Allison M. 🌱’s review published on Letterboxd:
When I heard rumors surrounding this movie, I had it in my mind that some supernatural elements existed. However, everything is portrayed very realistically with superb cinematography by Kyung-pyo Hong.
It starts out with the Kim family: a mom, dad, brother, and sister. They are caught in a class struggle. The fact that automation is killing jobs popped into my mind. They lived in an almost post-apocalyptic situation where food, jobs, and (gasp) Wi-Fi were hard to get. The Kim son goes to interview as a tutor for the eldest Park child, Min.
The Park family is also composed of a rich-bitch mom, a high-level corporate dad, the holy terror younger son Da-song, and shy middle sister Da-hye. They are all products of wealth whether they like it or not.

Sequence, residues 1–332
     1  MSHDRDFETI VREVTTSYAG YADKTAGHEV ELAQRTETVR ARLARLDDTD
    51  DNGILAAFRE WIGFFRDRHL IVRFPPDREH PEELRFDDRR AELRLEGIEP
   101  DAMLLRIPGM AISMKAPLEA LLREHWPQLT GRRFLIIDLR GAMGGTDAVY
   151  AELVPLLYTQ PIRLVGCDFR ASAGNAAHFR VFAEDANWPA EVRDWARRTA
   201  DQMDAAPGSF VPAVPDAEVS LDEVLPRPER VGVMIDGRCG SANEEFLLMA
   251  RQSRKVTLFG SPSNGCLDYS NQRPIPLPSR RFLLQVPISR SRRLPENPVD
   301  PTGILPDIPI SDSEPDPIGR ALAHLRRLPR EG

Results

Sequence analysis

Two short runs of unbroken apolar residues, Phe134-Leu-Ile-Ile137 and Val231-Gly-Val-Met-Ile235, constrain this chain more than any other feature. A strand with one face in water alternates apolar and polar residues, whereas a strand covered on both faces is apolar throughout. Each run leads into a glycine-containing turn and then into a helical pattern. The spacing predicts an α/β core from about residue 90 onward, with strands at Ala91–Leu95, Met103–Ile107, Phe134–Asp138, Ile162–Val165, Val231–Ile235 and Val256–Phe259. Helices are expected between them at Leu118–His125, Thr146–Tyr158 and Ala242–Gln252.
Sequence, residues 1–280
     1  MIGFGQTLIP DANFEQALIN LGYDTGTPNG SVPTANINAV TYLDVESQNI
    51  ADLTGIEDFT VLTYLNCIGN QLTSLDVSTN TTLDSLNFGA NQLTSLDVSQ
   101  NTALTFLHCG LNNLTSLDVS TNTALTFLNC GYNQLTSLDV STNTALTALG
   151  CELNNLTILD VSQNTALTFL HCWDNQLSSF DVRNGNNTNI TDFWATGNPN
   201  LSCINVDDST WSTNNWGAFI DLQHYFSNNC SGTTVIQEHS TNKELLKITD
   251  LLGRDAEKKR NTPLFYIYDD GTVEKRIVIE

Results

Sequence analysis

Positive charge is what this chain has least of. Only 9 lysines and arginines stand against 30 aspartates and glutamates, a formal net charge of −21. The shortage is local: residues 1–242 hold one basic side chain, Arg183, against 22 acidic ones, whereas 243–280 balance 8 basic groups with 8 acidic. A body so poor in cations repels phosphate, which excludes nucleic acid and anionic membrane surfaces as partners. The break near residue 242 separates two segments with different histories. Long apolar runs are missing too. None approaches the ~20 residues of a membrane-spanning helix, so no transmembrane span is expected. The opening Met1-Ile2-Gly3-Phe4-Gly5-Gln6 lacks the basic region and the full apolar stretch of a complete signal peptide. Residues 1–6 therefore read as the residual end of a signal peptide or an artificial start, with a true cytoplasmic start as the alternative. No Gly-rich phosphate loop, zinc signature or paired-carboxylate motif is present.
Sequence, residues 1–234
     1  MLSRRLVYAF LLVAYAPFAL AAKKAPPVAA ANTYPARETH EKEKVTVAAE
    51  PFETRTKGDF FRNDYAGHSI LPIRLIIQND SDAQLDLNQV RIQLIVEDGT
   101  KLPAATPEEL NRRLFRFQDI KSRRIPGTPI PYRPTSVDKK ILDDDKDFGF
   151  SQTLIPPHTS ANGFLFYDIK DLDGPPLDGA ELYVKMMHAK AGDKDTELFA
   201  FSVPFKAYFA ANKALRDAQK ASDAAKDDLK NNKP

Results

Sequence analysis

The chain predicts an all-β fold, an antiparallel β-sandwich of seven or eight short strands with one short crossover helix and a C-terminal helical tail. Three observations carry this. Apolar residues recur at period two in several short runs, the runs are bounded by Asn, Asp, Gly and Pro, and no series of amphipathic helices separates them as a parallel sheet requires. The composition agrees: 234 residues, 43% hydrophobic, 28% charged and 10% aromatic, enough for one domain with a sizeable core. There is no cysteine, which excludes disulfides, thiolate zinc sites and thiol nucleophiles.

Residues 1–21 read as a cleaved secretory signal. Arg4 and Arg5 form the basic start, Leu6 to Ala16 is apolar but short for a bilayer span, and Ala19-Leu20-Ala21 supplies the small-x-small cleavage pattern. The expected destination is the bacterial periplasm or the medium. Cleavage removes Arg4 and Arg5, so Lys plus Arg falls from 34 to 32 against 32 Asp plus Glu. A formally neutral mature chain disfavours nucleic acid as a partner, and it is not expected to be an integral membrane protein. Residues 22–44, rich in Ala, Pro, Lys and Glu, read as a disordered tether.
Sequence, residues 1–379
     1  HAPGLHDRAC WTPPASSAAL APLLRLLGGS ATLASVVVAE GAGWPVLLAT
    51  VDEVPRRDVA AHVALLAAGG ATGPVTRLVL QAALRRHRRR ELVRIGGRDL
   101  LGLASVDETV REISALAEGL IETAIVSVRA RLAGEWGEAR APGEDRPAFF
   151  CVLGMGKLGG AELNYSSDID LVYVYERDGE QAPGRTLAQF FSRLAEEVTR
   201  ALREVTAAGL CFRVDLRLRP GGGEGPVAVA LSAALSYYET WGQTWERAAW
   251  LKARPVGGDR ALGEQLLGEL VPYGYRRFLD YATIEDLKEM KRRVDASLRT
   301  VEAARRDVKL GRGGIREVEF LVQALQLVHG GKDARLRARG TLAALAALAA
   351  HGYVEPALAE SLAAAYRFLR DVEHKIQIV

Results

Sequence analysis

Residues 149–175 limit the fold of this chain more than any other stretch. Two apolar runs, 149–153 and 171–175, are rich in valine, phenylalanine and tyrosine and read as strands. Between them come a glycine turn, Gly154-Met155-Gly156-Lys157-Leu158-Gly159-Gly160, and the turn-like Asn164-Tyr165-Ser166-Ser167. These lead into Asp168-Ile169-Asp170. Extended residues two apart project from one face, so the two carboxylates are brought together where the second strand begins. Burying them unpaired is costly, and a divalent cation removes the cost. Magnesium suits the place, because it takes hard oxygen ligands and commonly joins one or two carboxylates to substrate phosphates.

One of the most compelling scenes was showing the aftermath of a traumatic event that happened. The Kim family was hit hard, while the "rich" Park family woke up to a new day just like clockwork.
While I liked the film a lot, I was not as impressed as I thought I might be. It's really similar to a French film I saw (will reveal the title of it in a soon-to-follow spoiler review of Parasite). I was totally emotionally disturbed by it, however, and I think that it far exceeded any merits Joker might have had.
But— they should have given the Palme d'Or to Ken Loach's Sorry We Missed You.
-Mr. Kim flicks a bug.
-The housekeeper offers Mrs. Park honey.
-Meat at the buffet
-Cutting meat with scissors
-Japanese crabsticks for Foo Foo (the dog)
-Mrs. Kim pushes a dog.
-Eggs in the fridge.
-Sirloin is added to the ram-don.
-Salmon steaks at the party
-Whole crawfish at the store
-Dog eating meat at the party
-Mr. Kim eats canned salmon.
-Reference to German sausage
The housekeeper always serves the children fruit plates.